) translational regulation (19
), stability (21
) and intracellular localization(22
). It will therefore be important to determine if differential functions exist for the alternative 3′ UTRs of yeast genes with multiple polyA addition sites.
One important aspect of our study is the discovery that S. cerevisiae contains a large number (793) of expressed genes with overlapping 3′ ends. Pervasive occurrence of overlapping transcripts property may be a unique feature to S. cerevisiae and other organisms that lack Dicer homologs and thereby avoid mRNA processing and degradation. Overlapping transcription at the 3′ ends could lead to interesting forms of gene regulation in which neighboring genes can potentially influence the expression of one another.
In addition to revealing alternative 3′ ends of genes, RNA-Seq allowed us to map the 5′ ends and introns of the majority of yeast genes. We found that the first ATG in 35 genes resides upstream of the annotated start codon in SGD, and for 29 others the first ATG lies downstream of the annotated start codon. Although we cannot ascertain that the upstream ATGs are used in translation, they are consistent with the expectation that the first ATG is usually used in eukaryotes (23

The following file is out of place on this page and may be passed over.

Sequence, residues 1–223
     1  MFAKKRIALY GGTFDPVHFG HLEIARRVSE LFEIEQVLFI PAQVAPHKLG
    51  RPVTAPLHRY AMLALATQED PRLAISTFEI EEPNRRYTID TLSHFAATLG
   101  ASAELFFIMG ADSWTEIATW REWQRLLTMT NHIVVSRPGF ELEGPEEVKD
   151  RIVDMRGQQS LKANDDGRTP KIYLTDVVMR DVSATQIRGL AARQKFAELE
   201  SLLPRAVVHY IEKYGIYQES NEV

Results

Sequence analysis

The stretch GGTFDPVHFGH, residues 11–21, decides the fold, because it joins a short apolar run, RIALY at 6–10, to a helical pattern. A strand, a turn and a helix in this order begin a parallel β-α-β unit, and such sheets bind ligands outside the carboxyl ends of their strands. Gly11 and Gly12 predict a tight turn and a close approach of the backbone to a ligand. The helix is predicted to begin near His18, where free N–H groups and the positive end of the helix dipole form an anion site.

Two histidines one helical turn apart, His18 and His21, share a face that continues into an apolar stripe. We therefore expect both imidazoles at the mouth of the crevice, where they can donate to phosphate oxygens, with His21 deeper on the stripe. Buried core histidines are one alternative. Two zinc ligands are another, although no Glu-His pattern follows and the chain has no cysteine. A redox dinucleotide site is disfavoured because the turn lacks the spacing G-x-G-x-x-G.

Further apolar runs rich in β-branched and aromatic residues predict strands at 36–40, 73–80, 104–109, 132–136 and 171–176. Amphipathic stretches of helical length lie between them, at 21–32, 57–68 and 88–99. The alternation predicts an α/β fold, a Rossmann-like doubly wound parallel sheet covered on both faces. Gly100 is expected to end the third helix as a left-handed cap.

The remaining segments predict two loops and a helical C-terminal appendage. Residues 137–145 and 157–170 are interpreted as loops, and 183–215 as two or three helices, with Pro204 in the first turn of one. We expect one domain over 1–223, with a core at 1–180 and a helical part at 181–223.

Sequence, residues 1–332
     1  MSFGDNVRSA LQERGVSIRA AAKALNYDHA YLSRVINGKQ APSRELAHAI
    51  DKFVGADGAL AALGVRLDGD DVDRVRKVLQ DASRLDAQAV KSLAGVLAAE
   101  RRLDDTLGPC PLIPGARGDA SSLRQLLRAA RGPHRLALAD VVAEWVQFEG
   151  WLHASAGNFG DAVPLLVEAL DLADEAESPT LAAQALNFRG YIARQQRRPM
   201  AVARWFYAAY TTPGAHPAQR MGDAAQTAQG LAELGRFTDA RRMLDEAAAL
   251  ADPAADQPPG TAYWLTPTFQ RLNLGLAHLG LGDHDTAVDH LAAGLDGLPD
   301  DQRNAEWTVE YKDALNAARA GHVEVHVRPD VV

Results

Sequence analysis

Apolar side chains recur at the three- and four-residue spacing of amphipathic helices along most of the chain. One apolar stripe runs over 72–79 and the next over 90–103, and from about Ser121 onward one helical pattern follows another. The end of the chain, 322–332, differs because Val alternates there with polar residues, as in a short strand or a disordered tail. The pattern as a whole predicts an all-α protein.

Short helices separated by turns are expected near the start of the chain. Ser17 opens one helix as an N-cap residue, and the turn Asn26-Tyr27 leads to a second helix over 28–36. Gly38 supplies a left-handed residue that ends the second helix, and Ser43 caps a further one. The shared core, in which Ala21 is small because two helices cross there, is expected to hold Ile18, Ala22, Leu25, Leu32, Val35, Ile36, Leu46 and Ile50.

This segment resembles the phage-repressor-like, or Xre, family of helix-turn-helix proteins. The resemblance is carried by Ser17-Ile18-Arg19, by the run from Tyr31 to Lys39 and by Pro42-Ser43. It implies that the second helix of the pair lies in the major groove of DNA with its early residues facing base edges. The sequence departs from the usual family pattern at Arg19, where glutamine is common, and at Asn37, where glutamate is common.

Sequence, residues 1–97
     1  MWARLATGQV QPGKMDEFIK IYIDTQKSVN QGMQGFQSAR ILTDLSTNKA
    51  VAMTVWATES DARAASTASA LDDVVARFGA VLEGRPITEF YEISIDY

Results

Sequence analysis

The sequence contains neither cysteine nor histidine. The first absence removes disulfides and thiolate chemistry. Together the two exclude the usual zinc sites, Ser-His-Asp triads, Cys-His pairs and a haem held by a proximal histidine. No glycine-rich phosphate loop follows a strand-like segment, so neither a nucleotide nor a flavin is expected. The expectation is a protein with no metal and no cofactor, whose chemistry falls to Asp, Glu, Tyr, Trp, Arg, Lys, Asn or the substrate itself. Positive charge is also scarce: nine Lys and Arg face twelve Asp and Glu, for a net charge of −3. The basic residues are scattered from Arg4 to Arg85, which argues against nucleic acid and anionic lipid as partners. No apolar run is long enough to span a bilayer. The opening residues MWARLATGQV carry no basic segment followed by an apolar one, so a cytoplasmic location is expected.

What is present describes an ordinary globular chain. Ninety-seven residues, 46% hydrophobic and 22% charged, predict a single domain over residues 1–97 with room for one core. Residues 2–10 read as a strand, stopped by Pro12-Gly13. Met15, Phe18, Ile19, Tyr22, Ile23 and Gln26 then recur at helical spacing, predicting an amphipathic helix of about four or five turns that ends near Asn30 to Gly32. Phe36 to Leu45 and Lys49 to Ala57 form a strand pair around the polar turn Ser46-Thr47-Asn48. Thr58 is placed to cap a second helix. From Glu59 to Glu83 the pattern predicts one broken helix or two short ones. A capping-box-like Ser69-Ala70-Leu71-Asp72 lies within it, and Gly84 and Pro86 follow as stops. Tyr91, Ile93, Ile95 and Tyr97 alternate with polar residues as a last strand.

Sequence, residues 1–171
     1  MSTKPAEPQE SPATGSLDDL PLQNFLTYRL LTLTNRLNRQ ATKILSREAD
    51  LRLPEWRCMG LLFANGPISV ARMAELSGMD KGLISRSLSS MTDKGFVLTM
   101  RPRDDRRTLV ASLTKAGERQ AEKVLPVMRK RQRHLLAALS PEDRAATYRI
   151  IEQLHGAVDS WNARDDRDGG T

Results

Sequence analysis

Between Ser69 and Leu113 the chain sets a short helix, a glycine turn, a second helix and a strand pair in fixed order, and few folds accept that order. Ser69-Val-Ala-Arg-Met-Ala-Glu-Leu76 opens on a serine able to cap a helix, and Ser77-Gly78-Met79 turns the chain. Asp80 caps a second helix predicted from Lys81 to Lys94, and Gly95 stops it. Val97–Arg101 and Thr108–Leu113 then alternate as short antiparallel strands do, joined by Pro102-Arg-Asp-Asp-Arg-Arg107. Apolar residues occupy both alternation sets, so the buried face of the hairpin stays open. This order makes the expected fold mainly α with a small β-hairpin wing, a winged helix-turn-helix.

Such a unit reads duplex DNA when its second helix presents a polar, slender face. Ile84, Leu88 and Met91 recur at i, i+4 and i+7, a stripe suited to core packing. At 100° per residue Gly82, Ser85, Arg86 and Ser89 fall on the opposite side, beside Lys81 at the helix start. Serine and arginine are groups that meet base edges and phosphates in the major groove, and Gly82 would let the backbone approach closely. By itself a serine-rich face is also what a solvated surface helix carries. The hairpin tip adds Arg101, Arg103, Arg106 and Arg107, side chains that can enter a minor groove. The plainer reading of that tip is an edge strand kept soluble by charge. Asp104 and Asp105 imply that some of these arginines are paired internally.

). For cases where the 5′ end is mapped downstream of the annotated ATG, we presume that a downstream ATG is used, at least in the vegetative growth conditions that we analyzed. It is possible that a longer message and the annotated ATG is used in other cell types. Finally, we confirmed the existence of 240 introns. Interestingly we observed instances in which there an annotated intron but no evidence for splicing; the lack of sequence tags that span the intron indicates that they are not abundantly spliced at least in vegetative cells. In two instances presence or absence of the intron affect the resulting protein product. Thus, RNA Seq can define the presence of introns as well as their absence, at least at a particular level within an mRNA population.
The mapping of 5′ ends is particularly valuable for understanding not only gene regulation but also biochemical and genetic characterization of the genome. Currently extensive efforts are underway to biochemically characterize the yeast genome using protein microarrays and other methods (24
). Likewise, efforts to genetically characterize the yeast genome are underway using overexpression experiments and other methods (26
). Assignment of the proper ATG is crucial for ensuring that the entire native protein and gene is analyzed in these studies. Therefore, the reannotated data generated in this analysis will provide a valuable resource to the scientific community for characterization of gene and protein function.